Sunday, September 17, 2017
15th Sunday after Pentecost
Listen to today’s gospel reading and sermon:
21Peter came and said to [Jesus], “Lord, if another member of the church sins against me, how often should I forgive? As many as seven times?” 22Jesus said to him, “Not seven times, but, I tell you, seventy-seven times.
23“For this reason the kingdom of heaven may be compared to a king who wished to settle accounts with his slaves. 24When he began the reckoning, one who owed him ten thousand talents was brought to him; 25and, as he could not pay, his lord ordered him to be sold, together with his wife and children and all his possessions, and payment to be made. 26So the slave fell on his knees before him, saying, ‘Have patience with me, and I will pay you everything.’ 27And out of pity for him, the lord of that slave released him and forgave him the debt. 28But that same slave, as he went out, came upon one of his fellow slaves who owed him a hundred denarii; and seizing him by the throat, he said, ‘Pay what you owe.’ 29Then his fellow slave fell down and pleaded with him, ‘Have patience with me, and I will pay you.’ 30But he refused; then he went and threw him into prison until he would pay the debt. 31When his fellow slaves saw what had happened, they were greatly distressed, and they went and reported to their lord all that had taken place. 32Then his lord summoned him and said to him, ‘You wicked slave! I forgave you all that debt because you pleaded with me. 33Should you not have had mercy on your fellow slave, as I had mercy on you?’ 34And in anger his lord handed him over to be tortured until he would pay his entire debt. 35So my heavenly Father will also do to every one of you, if you do not forgive your brother or sister from your heart.” – Matthew 18:21-35
The kingdom of heaven is practically impossible for us to imagine because it is so completely and radically different from the kingdoms in which we live our daily lives. In today’s gospel, the disciples, now well into Jesus’ ministry, are trying to figure out what kind of kingdom Jesus is trying to usher in and among other questions they want to know just how many times they should extend forgiveness. They are ready for a challenge. They are expecting Jesus to tell them an absurdly high number. I think they are all still more or less nodding their heads when Jesus tells them to forgive their neighbor not seven but seventy times seven. That’s 490 times for those of you keeping score. This kind of number, symbolic or not, is exactly what they expected. They mentally pull out their forgiveness logs and start adding up names and numbers, perhaps ready to show how generous they are or perhaps to see just how much longer they have to put up with some people.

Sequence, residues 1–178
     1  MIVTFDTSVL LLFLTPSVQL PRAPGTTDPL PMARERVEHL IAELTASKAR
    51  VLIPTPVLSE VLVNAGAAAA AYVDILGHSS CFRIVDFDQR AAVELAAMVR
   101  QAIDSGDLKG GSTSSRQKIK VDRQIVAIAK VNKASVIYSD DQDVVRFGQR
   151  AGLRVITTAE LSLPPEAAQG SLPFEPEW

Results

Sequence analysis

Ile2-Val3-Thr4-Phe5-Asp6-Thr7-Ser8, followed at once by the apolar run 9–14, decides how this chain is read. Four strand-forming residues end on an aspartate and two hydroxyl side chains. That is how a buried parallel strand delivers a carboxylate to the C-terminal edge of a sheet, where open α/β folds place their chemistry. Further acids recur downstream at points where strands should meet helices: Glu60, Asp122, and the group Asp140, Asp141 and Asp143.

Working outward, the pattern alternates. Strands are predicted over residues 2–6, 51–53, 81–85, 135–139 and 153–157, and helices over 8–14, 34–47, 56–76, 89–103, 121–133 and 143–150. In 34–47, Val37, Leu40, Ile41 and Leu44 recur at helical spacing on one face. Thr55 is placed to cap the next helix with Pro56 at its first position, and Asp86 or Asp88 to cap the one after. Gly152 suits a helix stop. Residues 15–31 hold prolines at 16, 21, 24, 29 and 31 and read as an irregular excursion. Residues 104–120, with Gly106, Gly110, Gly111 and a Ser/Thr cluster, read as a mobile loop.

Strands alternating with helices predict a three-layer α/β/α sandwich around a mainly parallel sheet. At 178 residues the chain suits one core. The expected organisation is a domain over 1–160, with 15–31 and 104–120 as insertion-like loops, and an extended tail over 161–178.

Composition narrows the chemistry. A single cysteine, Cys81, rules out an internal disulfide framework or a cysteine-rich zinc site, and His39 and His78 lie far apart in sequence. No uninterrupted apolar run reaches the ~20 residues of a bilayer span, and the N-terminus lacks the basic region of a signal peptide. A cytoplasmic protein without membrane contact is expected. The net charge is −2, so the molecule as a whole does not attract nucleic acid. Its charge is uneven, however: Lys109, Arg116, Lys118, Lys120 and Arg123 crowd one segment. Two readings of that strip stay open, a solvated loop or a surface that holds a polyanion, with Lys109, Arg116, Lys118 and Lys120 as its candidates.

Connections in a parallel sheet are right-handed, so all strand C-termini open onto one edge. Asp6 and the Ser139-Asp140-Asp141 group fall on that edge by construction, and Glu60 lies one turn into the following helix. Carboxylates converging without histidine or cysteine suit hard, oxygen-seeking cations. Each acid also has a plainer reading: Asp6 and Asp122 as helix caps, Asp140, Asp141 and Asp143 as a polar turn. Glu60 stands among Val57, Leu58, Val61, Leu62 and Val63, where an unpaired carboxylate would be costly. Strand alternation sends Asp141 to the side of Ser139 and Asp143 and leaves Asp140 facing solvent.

My next door neighbor has been parking just at the edge of the end of my driveway every day for the last month, and I have forgiven him 30 times that I remember, that’s another 460 to go before I can write him off for good – a year and a half is a long time to put up with that, but maybe I can do it, you know, for Jesus. And my little brother has been pestering me to borrow my stuff since we were little, but he always breaks it or forgets to return it. I’d say that’s happened at least 452 times in my lifetime – only 38 more to go. My spouse has been doing that little annoying thing every day since we’ve been married, and surely I’m well over the limit on forgiving that one…
It sounds absurd, but in some form or fashion that’s how we’ve learned to live. Counting up rights and wrongs. Weighing always what we’re due from someone else. Even the most magnanimous, the most spiritually grounded people I know fall into the trap. If you read things by Archbishop Desmond Tutu, who is world-famous for his work on forgiveness and reconciliation in the face of decades of violent and systemic oppression and genocide, he lets it slip that he still finds himself holding on to small grievances and petty squabbles with the people closest to him. We probably don’t actually have a little log where we keep track of these sorts of things, but we know in our heads what we think we’re due.